Journalism is notoriously known for being untrustworthy, and not surprisingly is one of the least trusted professions (according to a survey by consumer group Which, The Week UK 2012). Even the journalists are reporting it. It is a sign of the times. Although, this shouldn’t be disparaging to aspiring journalists, as we welcome the drastic shift to convergence culture.
If you are into television shows, as I am, you may have heard of the show ‘The Newsroom’. Created by Aaron Sorkin, this show is a fictional, behind the scenes look at a news network covering real life stories, where they ‘…don’t do good television, we do the news’ (Duudeabides2 2012). It critically looks at how the news business is run, almost making a mockery of it, and idealising the concept of reporting the news, as it should be. Journalism is based around being objective, well it is meant to anyway, and this show attempts to do just that. What puzzles me is why can’t the real world mirror this? I’ve had enough of watching the news and having to decipher between the paid advertising, the real news and the gossip news. This mash up of entertainment and reporting is confusing to the audience.
So what happens when we have journalists who can’t be trusted and supposably objective reporting? Thank you web 2.0 for allowing the collaboration of both producer and end user to combine. Quandt (2011), reports that ‘…some journalists learnt doing most of their research through the internet and engaging in frequent contact with users’. We can see that the journalism profession is struggling with recent changes to newspapers such as the Sydney Morning Herald, change to tabloid style and dramatic staff cuts. But the shift of convergence culture has allowed for these journalists to continue to work online and without the constraints of a major media company over their head. The censored printed news is a way of the past.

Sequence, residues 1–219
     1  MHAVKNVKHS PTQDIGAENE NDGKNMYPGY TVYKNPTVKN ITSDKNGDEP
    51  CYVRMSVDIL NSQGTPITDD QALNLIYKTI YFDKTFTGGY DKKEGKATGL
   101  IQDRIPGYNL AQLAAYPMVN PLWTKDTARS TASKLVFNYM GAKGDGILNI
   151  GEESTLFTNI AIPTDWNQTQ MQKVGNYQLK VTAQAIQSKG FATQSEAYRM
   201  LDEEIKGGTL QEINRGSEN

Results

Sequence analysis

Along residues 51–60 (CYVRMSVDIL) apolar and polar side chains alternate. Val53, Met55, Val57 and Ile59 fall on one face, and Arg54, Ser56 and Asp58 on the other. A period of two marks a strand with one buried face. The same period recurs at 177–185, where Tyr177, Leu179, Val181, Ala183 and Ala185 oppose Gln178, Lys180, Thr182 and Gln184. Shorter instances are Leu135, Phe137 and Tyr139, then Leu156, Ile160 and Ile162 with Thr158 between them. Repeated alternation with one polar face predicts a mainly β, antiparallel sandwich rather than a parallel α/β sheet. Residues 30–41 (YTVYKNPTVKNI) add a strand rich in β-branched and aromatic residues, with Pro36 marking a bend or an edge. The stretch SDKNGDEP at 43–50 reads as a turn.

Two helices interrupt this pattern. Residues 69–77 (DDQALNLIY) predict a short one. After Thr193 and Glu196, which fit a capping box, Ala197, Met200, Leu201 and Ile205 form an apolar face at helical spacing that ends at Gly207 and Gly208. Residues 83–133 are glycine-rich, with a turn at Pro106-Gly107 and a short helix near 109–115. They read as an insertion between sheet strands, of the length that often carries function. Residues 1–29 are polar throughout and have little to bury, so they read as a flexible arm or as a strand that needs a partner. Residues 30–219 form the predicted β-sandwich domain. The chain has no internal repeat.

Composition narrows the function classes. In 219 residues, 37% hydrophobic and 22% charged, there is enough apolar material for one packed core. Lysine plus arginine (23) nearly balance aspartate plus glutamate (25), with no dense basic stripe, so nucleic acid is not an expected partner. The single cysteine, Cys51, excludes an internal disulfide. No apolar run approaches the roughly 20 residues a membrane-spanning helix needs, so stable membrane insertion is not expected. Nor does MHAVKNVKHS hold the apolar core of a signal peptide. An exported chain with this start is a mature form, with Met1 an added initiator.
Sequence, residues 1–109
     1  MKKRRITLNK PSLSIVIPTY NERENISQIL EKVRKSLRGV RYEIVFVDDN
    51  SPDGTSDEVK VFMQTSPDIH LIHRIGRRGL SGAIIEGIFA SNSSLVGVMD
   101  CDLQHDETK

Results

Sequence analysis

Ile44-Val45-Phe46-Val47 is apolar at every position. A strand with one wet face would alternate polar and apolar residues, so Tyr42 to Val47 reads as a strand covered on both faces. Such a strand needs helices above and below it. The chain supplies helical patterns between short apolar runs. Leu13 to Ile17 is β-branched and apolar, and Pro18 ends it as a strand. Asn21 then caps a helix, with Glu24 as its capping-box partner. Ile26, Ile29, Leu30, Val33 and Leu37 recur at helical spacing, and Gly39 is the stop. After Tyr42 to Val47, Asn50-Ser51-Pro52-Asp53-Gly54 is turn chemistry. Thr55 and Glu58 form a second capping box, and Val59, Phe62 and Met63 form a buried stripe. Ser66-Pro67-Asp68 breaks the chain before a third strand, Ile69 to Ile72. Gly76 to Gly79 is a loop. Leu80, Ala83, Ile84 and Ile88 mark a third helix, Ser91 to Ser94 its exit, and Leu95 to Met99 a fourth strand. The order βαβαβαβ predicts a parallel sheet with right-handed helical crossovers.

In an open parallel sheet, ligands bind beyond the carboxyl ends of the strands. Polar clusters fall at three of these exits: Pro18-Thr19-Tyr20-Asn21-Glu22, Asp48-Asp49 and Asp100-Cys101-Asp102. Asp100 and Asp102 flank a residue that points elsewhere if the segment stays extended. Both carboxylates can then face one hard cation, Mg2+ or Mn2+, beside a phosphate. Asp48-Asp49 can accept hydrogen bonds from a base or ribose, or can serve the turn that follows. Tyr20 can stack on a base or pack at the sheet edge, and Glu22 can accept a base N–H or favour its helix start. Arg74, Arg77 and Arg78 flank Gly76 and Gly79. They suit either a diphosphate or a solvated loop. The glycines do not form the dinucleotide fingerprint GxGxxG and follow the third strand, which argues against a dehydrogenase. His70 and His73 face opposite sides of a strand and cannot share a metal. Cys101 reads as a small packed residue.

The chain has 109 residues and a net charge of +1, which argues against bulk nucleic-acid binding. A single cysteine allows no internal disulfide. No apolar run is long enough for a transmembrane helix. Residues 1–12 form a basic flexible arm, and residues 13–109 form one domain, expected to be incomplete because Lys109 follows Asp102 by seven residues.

As Marcus O’Donnell explained in the lecture (UOW, 2013), ‘…declining advertising, declining revenue, declining workforce’ means only one thing, the print days are over, newspapers are shifting to majority online and will be followed shortly by magazines. This opens up a wide range of possibilities for both users and those who are creating the content.
Duudeabides2 2012, Aaron Sorkin Covers The Newsroom, online video, 29 June, viewed 8 April, <http://www.youtube.com/watch?v=NB5QTyCF4n0>
‘Politicians, journalists and bankers least trusted professions’ 2012, The Week, 19 Sept, viewed 8 April, <http://www.theweek.co.uk/uk-news/49114/politicians-journalists-and-bankers-least-trusted-professions>
Quandt, T (2011) ‘Understanding a new phenomenon: the significance of participatory journalism’ Chapter 9 in Hermida et al Participatory Journalism, Wiley Blackwell pp155-176